I let my stuffed cucumber kimchi ferment at room temperature for about 24 hours, but that 24 hours posed a bigger problem than I would have imagined. After I layered my stuffed cucumbers into two airtight glass containers, and sealed the lids, I went to place them in the darkest, coolest part of my apartment that I could think of: inside a closet, on top of a dresser, where we keep our small collection of red wine.
As long as I remembered to keep the closet door closed so that the kimchi wouldn’t be hit by direct sunlight in the late afternoon, then I figured it would be fine – that was where I had successfully fermented preserved lemons over the course of a few weeks back in December. But about an hour after placing it there, I happened to open that closet again, and was confronted with the strongest whiff of kimchi since the last time I stepped into a Korean grocery store food court in LA. Unfortunately, that same closet also houses all of Paula’s work clothes, and she did NOT want to have to wash her entire wardrobe of scrubs before she could show up to work not stinking of garlic… So I went into action, pulled the two glass containers out of the closet, and double-bagged them in thick plastic bags, each sealed airtight with a binder clip. When that made no difference, I quadruple-bagged it. And when that made no difference, I was left with the dilemma of where else to put it.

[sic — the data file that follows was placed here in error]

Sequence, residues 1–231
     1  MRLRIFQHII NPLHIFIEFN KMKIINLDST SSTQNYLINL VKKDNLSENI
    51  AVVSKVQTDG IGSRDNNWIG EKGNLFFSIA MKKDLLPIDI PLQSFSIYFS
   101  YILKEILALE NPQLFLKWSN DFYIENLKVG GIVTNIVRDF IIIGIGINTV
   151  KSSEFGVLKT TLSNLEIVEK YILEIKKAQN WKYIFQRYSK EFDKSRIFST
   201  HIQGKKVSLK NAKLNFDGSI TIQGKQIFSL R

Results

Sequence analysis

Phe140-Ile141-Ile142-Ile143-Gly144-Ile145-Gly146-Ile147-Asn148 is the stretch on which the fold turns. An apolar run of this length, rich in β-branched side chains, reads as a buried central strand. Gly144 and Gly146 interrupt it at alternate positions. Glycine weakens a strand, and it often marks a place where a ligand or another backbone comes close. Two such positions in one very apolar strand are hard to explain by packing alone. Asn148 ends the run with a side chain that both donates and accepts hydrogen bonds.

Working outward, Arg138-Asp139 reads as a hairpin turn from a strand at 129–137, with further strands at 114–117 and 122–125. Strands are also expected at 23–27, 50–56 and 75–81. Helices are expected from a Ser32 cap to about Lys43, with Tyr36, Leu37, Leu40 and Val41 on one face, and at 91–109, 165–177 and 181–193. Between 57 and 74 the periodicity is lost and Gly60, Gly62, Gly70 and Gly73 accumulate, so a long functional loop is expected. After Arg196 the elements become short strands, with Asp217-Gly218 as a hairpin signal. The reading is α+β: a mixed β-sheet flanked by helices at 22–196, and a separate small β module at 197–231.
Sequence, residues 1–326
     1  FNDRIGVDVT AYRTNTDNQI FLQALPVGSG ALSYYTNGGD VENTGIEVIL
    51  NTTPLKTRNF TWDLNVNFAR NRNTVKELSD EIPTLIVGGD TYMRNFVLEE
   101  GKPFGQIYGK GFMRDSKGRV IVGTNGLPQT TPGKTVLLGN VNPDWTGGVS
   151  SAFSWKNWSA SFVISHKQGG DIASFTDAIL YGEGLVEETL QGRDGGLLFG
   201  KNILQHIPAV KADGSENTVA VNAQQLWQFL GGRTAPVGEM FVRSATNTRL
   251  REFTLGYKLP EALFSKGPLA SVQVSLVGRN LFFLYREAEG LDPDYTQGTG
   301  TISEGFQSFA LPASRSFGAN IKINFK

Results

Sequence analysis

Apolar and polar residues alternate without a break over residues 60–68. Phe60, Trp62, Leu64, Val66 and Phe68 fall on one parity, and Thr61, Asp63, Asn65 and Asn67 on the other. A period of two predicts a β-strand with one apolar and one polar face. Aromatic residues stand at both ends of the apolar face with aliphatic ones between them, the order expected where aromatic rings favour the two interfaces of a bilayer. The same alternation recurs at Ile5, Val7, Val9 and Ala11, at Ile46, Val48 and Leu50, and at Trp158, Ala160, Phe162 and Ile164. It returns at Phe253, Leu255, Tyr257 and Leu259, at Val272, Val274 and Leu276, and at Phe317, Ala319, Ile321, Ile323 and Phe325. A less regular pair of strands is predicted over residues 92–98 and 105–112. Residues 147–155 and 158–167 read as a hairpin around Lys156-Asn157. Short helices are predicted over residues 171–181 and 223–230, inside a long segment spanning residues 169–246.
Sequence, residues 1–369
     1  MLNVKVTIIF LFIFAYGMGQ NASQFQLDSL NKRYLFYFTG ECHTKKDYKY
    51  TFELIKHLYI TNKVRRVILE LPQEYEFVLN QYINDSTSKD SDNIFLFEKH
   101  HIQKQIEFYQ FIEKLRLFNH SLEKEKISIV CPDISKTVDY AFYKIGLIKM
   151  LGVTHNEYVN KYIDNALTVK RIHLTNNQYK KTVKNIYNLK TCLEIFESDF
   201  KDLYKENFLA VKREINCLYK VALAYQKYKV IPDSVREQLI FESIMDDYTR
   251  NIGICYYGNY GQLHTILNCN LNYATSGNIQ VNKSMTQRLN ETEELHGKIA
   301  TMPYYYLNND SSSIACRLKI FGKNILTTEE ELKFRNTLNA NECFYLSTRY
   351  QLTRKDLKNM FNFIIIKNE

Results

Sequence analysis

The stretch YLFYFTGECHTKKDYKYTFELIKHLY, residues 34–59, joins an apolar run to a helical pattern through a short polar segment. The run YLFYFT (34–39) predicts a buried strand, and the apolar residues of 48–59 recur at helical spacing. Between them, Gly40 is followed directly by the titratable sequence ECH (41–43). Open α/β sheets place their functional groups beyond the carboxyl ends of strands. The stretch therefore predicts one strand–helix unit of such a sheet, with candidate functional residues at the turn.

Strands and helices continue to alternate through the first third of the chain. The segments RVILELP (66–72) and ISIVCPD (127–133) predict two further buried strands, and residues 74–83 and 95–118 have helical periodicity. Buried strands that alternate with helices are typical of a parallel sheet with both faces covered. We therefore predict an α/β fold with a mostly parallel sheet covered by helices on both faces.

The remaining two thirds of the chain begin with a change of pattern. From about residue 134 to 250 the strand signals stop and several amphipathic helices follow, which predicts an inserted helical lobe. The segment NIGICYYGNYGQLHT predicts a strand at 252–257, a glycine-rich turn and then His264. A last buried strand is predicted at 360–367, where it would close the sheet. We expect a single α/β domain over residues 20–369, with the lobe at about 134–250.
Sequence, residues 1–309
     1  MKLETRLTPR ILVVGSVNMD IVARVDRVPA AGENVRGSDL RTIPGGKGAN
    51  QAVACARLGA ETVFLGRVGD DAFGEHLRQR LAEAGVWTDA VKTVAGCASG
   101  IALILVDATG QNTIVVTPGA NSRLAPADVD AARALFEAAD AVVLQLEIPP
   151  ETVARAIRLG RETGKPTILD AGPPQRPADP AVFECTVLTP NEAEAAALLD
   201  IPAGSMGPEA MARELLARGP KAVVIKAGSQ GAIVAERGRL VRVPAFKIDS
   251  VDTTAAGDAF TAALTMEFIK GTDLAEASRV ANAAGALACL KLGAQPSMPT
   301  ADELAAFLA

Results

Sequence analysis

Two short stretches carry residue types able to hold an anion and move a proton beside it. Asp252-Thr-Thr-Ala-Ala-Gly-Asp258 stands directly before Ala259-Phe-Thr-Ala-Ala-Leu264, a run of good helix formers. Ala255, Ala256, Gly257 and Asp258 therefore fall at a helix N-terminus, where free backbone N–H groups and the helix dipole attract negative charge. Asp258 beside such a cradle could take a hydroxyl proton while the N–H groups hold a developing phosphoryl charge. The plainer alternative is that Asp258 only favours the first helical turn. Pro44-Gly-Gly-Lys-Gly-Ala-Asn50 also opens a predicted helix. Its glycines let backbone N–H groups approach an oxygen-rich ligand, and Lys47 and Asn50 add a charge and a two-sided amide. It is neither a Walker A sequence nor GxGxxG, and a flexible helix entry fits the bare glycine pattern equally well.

Kimchi is ideally stored in a cool, dark place, of which our apartment is severely lacking. Basically every part of our apartment gets hit by either morning or afternoon sun, or is right next to a heat-producing appliance. (And we don’t have a basement or a garage… but can you imagine if we did? I could store so much more kitchen stuff!)
Paula ended up sacrificing the bottom drawer of her new nightstand, a 2-drawer filing cabinet that her office was throwing away in their move, as a temporary kimchi storage space. And so it was that the kimchi ended up in our bedroom for its 24 hours at room temperature. In sealed glass containers, and quadruple-bagged, and inside a closed file cabinet drawer, you could just barely smell it, unless you were lying down on Paula’s side of the bed.
If it hadn’t been for her putting up with the vague scent of ginger, chile, and garlic for that whole night (and for several nights after we moved the whole operation into the fridge), then we wouldn’t have been able to have our summer of nostalgic, refreshing, and addictively spicy cucumber kimchi. It’s an awesome addition to any array of banchan (Korean side dishes), or during this – the summer of my inability to cook anything – delicious on top of a plain bowl of rice.
p.s. A note about the mochi-ko (aka sweet rice flour, aka glutinous rice flour): this type of rice flour is not actually sweet, nor does it actually contain gluten; it’s just made from the kind of very sticky rice used in mochi-based desserts (I’ve used it before, like in this mochi cake recipe). Its sticky quality makes for a nice, thick rice paste, but you could probably substitute another type of white rice flour, if you’re having trouble finding it.
Print this recipe. (PDF)
Cucumber Kimchi (Oi Sobagi)
(Serves 6-12 as a side dish)